Dalai Lama

Dont Hesitate Mary Oliver

When I think of living a life of joy, I do and I do not think of happiness. Both are true, I think. A great paradox. Happiness can offer joy, but is happiness the main ingredient to live a joyful existence? By this I mean, more specifically, does a joyful life mean we will always also be happy?

Joy feels like a brave act amidst the paradox of life. Our hearts can hold both. The tragic and the joy. Yet maybe not alone or without a little creative help now and then. I turn to the masters—Father Gregory Boyle, illuminating the lives of men and women who have come to Homeboy Industries to find a home and acceptance, conveying enormous joy alongside the tragic reality that so many who are transformed by deep love will also die in violent and untimely deaths; Archbishop Desmond Tutu whose effervescent smile and laughter permeated every interview, every book, even as he experienced the truth of Apartheid and of the world’s atrocities; Tara Brach, who offers practices to find True Refuge to abide in the vastness of love and compassion while staying present for the truth of life as it is.

Each time I read the stories Boyle offers, I am broken up again. I so want the transformed to get more time to live. Yet, this isn’t the promise. And though pain and death are part of the story, death doesn’t have the last word here. There has been transformation, the homecoming to joy and to a loving community, which I think might be a bigger part of the story. A loving community bringing people home to wholeness.

Much like Desmond Tutu illuminated when he reminds:

“You show your humanity by how you see yourself not as apart from others but from your connection to others…Yes, we’re capable of the most awful atrocities. And God weeps until there are those who say I do want to try to do something. It is good also to remember that we have a fantastic capacity for goodness. And then you look again…when a disaster such as 9/11 happens, we realize we are family. We are family.”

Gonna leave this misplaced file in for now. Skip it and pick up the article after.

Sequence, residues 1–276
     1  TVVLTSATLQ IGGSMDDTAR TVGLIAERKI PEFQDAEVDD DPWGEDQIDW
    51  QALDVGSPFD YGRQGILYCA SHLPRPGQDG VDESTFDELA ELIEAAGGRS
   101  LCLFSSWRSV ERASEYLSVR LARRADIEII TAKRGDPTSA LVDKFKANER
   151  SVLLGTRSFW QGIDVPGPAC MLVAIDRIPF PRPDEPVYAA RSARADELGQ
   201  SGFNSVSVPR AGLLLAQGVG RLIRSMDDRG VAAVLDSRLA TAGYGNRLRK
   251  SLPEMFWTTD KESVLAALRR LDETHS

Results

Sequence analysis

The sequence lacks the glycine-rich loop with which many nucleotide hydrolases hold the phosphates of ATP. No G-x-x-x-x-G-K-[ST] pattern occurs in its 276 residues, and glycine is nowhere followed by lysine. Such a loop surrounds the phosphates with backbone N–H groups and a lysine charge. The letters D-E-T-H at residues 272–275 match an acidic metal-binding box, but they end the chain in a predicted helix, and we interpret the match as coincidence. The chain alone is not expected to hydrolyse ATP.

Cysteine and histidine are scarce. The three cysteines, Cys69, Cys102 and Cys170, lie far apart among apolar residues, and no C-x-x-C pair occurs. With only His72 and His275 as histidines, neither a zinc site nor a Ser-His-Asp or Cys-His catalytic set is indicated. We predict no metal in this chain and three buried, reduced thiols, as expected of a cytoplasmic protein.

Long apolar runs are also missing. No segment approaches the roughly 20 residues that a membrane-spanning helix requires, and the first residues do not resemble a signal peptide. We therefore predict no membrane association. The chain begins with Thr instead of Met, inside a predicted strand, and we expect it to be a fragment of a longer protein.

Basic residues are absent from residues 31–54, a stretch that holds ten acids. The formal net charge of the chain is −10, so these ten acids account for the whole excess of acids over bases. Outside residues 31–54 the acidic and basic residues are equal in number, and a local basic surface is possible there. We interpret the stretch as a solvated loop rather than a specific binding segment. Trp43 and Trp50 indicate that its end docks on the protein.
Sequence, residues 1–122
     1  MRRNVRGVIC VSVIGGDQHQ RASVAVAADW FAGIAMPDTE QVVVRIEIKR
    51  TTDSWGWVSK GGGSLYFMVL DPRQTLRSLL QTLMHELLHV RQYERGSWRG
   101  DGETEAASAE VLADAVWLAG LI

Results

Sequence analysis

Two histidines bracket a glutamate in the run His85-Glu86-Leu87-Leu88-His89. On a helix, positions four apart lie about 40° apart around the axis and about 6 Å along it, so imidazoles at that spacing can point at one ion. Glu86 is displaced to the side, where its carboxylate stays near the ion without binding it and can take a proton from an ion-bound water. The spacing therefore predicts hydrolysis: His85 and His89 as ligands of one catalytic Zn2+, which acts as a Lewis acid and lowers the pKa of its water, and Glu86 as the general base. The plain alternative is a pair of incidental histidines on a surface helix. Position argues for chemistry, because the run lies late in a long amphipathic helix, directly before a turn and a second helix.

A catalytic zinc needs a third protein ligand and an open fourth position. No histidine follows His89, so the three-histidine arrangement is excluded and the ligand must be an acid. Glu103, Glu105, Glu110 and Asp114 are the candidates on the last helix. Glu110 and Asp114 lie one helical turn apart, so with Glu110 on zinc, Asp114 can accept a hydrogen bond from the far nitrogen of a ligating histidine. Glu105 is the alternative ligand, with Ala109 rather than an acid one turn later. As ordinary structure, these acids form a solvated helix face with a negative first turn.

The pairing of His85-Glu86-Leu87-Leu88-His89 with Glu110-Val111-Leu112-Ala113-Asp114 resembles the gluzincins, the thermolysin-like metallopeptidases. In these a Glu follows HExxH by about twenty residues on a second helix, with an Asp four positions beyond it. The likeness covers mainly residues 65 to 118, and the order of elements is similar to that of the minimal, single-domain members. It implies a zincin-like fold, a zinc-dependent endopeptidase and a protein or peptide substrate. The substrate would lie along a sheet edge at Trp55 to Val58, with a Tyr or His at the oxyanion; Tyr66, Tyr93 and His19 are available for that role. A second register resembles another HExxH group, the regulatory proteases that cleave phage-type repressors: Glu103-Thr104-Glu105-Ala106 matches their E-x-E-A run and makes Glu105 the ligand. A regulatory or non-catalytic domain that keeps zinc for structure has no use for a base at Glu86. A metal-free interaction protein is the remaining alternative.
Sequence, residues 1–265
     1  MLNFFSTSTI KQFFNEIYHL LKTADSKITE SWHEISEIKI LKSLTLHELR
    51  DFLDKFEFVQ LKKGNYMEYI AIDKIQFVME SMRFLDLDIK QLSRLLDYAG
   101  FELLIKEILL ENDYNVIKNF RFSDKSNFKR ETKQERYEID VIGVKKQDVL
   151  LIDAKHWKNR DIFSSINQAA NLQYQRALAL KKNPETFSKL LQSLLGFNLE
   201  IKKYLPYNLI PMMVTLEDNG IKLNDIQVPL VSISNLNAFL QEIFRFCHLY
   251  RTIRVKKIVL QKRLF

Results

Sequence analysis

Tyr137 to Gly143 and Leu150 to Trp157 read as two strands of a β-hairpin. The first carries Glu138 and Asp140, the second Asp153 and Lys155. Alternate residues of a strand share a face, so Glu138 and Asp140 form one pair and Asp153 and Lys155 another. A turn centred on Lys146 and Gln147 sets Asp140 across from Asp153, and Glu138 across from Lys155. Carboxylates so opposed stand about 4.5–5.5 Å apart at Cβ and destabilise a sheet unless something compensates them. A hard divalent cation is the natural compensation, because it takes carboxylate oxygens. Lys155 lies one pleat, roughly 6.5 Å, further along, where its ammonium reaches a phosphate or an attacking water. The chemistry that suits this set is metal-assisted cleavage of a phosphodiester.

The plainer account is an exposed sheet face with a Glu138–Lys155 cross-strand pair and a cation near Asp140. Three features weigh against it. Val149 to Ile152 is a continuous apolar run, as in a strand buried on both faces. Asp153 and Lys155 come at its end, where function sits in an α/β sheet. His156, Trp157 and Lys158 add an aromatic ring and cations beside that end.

In community, together, remembering we are family, we grow better, I hear him saying. And in this, joy is possible within the weeping. How many times I’ve experienced this collective reminder when the pure joy of coming together speaks louder than the tragic that brought us there.

Dalai Lama


Just a few weeks ago, Krista Tippett rebroadcast an episode of On Being that features her interview with Archbishop Tutu. Throughout the episode, as the two discuss all manner of life, Desmond Tutu’s effervescent laughter bubbles up. It is the sound of one containing the whole truth of life. There’s a marvelous picture of the Archbishop and the Dalai Lama in The Book of Joy conveying this same thing. It’s effervescent. And it holds the paradox.

I sense part of this ability to hold the paradox, to live in joy and respond to the world’s atrocities; to experience deep sadness and exquisite and abundant joy, happens in community when we find a kind of acceptance for one another. This is the second of three important teachings from Tara Brach about finding True Refuge. Finding refuge in each other, we discover moments of joy.

Jala Yoga


Sometimes, I’m aided by remembering these moments of community. So I relive a beautiful series of moments that blend together and synthesize into the whole moment of Jala Yoga, a reminder of a bunch of people who came together and became a loving community. I’m remembering nights with the room full of beloved faces—Theresa, David, Adrienne, Jen, Molly, Jess, Lauren, Cheryl, Dana, Jeremy, Kimber…folks who arrived with tightness on their face and in their body and eventually came to rest back into themselves, quieter, less constrained. We shared a homecoming to love. There was certainly joy. Remembering this, my whole body rests into it all over again.

I scoop up the memory. It’s not a crumb at all. It nourishes every bit of me in this moment now. Mary Oliver says it and so does Desmond Tutu; Gregory Boyle and so many others too. We are often unkind and there is so much that is unredeemed. Yet, as Tutu said, “You must keep everything in perspective. The world is getting better…. We are growing and learning how to be compassionate, how to be caring, how to be human.” In community, remembering we are family, when love arises. Joy. For just this moment, I’m not going to doubt or miss its plenty.

Join a modest community finding joy in togetherness:

Friday, January 28 •  9am -10:30am

This class will blend yoga movement, contemplation, meditation, and conversation for a new way to explore our practice in community. Covid vaccinations required for in-person practice at the Harmony Space in Shepherdstown. Limited spacing available.

Online practice via Zoom. Video recording sent to all registered guests.

$15 Reserve your spot via text to 401-440-0279.
Advance payment required to Venmo or Paypal.

Paypal to: info.jalayoga@gmail.com
Venmo to: @Christa-MastrangeloJoyce